int cdb_bread(fd, buf, len)
         int fd;
         void *buf;
         int len;
              reads data from a file (as pointed to by fd filedescriptor) and  places  len  bytes
              from  this  file to a buffer pointed to by buf.  Returns 0 if exactly len bytes was
              read, or a negative value in case of error or end-of-file.   This  routine  ignores
              interrupt  errors  (EINTR).   Sets  errno  variable  to  EIO in case of end-of-file
              condition (when there is less than len bytes available to read).

   Notes
       Note that value of any given key may be updated in place by  another  value  of  the  same
       size,  by  writing  to  file  at  position found by cdb_find() or cdb_seek().  However one
       should be very careful when doing so, since write operation may not  succeed  in  case  of
       e.g.  power  failure,  thus leaving corrupted data.  When database is (re)created, one can
       guarantee that no incorrect data will be written to database, but not with inplace update.
       Note also that it is not possible to update any key or to change length of value.

CREATING MODE

       cdb  database  file  should usually be created in two steps: first, temporary file created
       and written to disk, and second, that temporary file is renamed to permanent place.   Unix
       rename(2)  call is atomic operation, it removes destination file if any AND renaes another
       file in one step.  This way  it  is  guaranteed  that  readers  will  not  see  incomplete
       database.  To prevent multiple simultaneous updates, locking may also be used.

       All  routines used to create cdb database works with struct cdb_make object that is opaque
       to application.  Application may assume  that  struct  cdb_make  has  at  least  the  same
       member(s) as published in struct cdb above.

       int cdb_make_start(cdbmp, fd)
          struct cdb_make *cdbmp;
          int fd;
              initializes  structure  to  create a database.  File fd should be opened read-write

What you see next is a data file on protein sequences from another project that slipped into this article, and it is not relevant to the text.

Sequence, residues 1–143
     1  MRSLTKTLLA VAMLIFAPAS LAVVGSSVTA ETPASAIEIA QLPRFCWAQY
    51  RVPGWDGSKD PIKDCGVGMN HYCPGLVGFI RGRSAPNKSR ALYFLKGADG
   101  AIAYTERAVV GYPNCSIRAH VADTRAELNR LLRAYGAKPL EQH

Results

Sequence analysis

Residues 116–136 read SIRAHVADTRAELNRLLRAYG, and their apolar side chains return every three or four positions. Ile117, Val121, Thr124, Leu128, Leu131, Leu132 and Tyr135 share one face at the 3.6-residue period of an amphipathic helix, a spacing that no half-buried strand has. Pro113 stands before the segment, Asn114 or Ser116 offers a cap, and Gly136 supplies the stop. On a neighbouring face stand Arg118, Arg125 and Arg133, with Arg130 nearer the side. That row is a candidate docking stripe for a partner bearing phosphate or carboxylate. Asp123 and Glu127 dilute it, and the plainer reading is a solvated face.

and should be seekable.  Returns 0 on success or negative value on error.

       int cdb_make_add(cdbmp, key, klen, val, vlen)
          struct cdb_make *cdbmp;
          const void *key, *val;
          unsigned klen, vlen;
              adds record with key (key,klen) and value (val,vlen) to a database.  Returns  0  on
              success  or  negative  value  on  error.  Note that this routine does not checks if
              given key already exists, but cdb_find() will not see second record with  the  same
              key.  It is not possible to continue building a database if cdb_make_add() returned
              error indicator.

       int cdb_make_finish(cdbmp)
          struct cdb_make *cdbmp;
              finalizes  database  file,  constructing  all  needed  indexes,  and  frees  memory
              structures.   It  does not closes filedescriptor.  Returns 0 on success or negative
              value on error.

       int cdb_make_exists(cdbmp, key, klen)
          struct cdb_make *cdbmp;
          const void *key;
          unsigned klen;
              This routine attempts to  find  given  by  (key,klen)  key  in  a  not-yet-complete
              database.   It  may  significantly  slow  down  the whole process, and currently it
              flushes internal buffer to disk on every call with key  those  hash  value  already
              exists  in db.  Returns 0 if such key doesn't exists, 1 if it is, or negative value
              on error.  Note that database file should be opened read-write (not write-only)  to
              use  this  routine.  If cdb_make_exists() returned error, it may be not possible to
              continue constructing database.

       int cdb_make_find(cdbmp, key, klen, mode)
          struct cdb_make *cdbmp;
          const void *key;
          unsigned klen;
          int mode;
              This routine attempts to find  given  by  (key,klen)  key  in  the  database  being
              created.   If  the given key is already exists, it an action specified by mode will
              be performed:

              CDB_FIND
                     checks whenever the given record is already in the database.

              CDB_FIND_REMOVE
                     removes all matching records by re-writing the database file accordingly.

              CDB_FIND_FILL0